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It has been a month since the UK announced its exit from the European Union, and still the future of the global economy hangs in the balance. Brexit continues to heighten uncertainty and volatility in the global economy, increasing turmoil as the world awaits the conclusion of the UK and EU's talks and anticipates the next steps of the major economic leaders.
In the Philippines, however, it is a different story. The country's sound macroeconomic fundamentals seemed to have cushioned the local markets' reaction. The equity market barely moved after the vote, 10-year yields in the bond market quickly bounced back to 4.4% after compressing by 35 points on the referendum date, and the currency seems to have strengthened against the dollar after the appetite for emerging markets picked up. In fact, the PSEi has broken the 8,100-mark for the first time in 2016 this July, driven by the upbeat regional markets, optimism on local corporate earnings, and the inaugural State-of-the-Nation-Address (SONA) of Pres. Duterte.
Impact on foreign investments, trade, remittances
While the Philippines seems impervious to Brexit today, it is likely that some effect will be felt in the mid-term. The Philippines still has some exposure to the UK because it is the third largest source of foreign direct investments (FDI) in the country, contributing 20% of the total net flows in 2015. Any form of decline in investments increases the risk to PH growth's sustainability as our foreign investments is already low. It is therefore important, now more than ever, that the Philippines open up the market and relax the laws on foreign ownership to attract more investors and retain, if not increase, the amount of investments in the country.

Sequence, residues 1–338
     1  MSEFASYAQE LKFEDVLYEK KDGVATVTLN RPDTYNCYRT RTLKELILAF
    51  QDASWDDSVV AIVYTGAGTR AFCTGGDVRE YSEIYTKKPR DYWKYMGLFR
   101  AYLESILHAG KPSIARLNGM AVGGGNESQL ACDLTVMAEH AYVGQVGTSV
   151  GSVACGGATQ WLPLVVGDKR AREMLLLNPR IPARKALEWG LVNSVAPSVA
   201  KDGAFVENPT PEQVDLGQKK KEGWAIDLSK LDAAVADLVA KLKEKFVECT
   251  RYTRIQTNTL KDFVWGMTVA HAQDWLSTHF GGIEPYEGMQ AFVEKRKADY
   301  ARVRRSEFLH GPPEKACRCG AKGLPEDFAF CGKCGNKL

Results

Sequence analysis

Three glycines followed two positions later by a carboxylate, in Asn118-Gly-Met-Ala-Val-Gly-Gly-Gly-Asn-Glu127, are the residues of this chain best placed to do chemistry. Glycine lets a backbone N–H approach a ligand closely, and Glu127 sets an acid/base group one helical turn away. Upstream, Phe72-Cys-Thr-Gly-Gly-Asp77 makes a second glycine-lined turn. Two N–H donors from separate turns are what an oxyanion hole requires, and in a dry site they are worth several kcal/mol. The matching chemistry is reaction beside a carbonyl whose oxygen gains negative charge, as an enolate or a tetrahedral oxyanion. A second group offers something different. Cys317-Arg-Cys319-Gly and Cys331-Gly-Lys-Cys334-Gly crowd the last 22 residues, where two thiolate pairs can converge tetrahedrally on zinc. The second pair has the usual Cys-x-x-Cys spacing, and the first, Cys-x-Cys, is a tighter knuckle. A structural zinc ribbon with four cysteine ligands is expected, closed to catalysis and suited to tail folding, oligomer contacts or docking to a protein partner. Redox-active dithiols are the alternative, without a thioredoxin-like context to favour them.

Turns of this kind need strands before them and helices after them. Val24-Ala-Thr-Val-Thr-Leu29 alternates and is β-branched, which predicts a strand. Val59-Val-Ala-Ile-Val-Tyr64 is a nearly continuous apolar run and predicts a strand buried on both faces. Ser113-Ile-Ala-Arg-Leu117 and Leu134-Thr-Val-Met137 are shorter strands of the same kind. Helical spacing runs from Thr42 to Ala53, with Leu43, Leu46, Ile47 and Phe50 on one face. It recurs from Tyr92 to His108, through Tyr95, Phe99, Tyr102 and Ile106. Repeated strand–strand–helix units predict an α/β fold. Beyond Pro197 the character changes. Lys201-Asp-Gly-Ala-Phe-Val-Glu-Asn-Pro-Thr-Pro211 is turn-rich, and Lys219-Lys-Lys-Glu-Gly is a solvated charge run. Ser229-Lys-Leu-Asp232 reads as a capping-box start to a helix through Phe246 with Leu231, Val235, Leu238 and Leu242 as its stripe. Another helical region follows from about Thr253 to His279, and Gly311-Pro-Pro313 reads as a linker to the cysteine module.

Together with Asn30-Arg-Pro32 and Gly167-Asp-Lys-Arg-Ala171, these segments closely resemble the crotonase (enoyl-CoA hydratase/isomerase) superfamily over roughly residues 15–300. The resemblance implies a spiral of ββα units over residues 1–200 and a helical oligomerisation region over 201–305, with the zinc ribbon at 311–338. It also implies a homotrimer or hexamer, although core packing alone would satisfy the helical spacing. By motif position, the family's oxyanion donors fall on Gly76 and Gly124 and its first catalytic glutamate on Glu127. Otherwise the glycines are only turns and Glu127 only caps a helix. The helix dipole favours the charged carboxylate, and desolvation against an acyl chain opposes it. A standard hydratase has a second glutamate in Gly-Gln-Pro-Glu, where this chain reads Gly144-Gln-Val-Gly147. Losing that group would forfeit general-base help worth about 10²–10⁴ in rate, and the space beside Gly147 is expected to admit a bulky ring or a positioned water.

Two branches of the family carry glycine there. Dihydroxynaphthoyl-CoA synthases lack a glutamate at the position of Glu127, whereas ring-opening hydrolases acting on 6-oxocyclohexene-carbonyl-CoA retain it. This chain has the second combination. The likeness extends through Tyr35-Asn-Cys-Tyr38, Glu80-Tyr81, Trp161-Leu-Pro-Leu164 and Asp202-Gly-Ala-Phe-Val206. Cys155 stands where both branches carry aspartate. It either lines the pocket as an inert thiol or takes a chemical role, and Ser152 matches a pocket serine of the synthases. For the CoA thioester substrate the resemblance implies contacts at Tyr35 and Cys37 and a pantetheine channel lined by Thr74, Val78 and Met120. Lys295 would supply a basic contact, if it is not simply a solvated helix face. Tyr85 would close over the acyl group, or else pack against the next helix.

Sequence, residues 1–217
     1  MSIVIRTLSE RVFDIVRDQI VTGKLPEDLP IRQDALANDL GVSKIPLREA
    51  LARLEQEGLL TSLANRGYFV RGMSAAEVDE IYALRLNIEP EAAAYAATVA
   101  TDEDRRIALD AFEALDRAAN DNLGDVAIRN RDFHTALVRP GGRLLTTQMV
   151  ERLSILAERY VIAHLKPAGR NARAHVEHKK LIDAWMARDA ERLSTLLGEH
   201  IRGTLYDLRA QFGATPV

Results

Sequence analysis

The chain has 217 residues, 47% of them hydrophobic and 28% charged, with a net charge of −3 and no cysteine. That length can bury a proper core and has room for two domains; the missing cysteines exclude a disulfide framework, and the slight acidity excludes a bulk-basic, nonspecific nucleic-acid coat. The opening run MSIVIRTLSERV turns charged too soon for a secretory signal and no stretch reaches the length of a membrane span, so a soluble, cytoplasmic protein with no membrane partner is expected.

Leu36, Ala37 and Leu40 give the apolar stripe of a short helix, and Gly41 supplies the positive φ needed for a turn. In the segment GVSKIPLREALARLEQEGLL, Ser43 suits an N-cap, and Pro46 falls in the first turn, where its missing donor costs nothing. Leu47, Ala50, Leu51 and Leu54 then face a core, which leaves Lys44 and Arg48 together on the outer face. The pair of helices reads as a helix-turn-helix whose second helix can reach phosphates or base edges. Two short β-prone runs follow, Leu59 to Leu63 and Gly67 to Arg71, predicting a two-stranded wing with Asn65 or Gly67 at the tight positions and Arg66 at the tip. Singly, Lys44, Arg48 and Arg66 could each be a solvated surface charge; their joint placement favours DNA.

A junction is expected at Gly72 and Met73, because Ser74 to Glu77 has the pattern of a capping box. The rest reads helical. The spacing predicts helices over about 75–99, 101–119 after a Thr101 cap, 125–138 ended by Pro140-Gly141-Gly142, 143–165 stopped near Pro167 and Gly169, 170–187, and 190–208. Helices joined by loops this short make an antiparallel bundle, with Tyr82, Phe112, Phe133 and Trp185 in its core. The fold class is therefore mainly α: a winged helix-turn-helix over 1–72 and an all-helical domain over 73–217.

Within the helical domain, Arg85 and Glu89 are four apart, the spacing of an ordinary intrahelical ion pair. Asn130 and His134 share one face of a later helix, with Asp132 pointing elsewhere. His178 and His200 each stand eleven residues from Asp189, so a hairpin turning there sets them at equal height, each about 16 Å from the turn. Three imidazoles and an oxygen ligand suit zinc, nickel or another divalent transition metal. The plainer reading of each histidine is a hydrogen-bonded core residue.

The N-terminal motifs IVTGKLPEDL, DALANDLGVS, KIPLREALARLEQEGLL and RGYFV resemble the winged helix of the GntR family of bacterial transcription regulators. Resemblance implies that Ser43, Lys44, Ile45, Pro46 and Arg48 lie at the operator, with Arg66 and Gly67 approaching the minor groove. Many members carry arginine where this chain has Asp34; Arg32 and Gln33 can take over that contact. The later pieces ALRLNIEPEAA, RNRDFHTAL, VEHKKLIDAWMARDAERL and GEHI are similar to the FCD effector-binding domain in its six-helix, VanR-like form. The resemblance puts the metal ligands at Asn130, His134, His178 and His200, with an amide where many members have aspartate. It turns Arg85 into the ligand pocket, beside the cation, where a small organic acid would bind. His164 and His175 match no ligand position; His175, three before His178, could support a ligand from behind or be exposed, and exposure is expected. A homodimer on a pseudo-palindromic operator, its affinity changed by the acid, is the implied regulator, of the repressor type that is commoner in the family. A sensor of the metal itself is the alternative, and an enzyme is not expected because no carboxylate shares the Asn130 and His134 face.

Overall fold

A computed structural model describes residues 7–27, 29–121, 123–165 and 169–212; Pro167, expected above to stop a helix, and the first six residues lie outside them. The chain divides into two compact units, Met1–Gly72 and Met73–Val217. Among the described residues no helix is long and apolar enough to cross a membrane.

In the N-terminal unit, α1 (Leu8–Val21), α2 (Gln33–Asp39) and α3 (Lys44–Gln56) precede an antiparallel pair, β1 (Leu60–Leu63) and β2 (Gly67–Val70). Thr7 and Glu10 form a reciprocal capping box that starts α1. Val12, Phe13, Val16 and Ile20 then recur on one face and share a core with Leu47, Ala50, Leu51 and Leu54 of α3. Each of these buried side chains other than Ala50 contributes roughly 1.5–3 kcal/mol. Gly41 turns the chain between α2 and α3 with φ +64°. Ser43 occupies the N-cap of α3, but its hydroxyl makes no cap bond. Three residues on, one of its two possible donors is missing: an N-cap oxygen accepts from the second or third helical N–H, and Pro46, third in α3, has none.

In terms of other indicators, PH's exposure to UK is relatively low. Foreign trade won't likely feel major shifts because UK is not among the country's major trading partners, and while UK is an important source of OFW remittances, the decrease will not be significant as it is only the fifth largest source and accounts for only 6% of the total net inflow. For overseas employment, it is possible that the number of migrants to the UK will slightly decline due to the economic downturn. However, we believe that its effect will be gradual and minimal, given that most OFWs in the UK are employed in the nursing and caregiving sectors, which are crucial sectors and are usually unaffected by the state of UK's economy.
Major risks to economic growth still infra, corruption
Brexit may have increased risks in the global market; however, these risks still have a smaller impact compared to internal risks: poor infrastructure, widespread corruption, and sluggish structural reforms.
The country's long-term economic growth will still greatly depend on the Duterte administration's ability to create an overall more business-friendly environment. This means implementing a more effective tax system, reducing administrative burden for businesses, and finding solutions to immediately alleviate the issues in infrastructure -- slow and expensive telco rates, inefficient transport system in key CBDs, and poor connectivity across the country.
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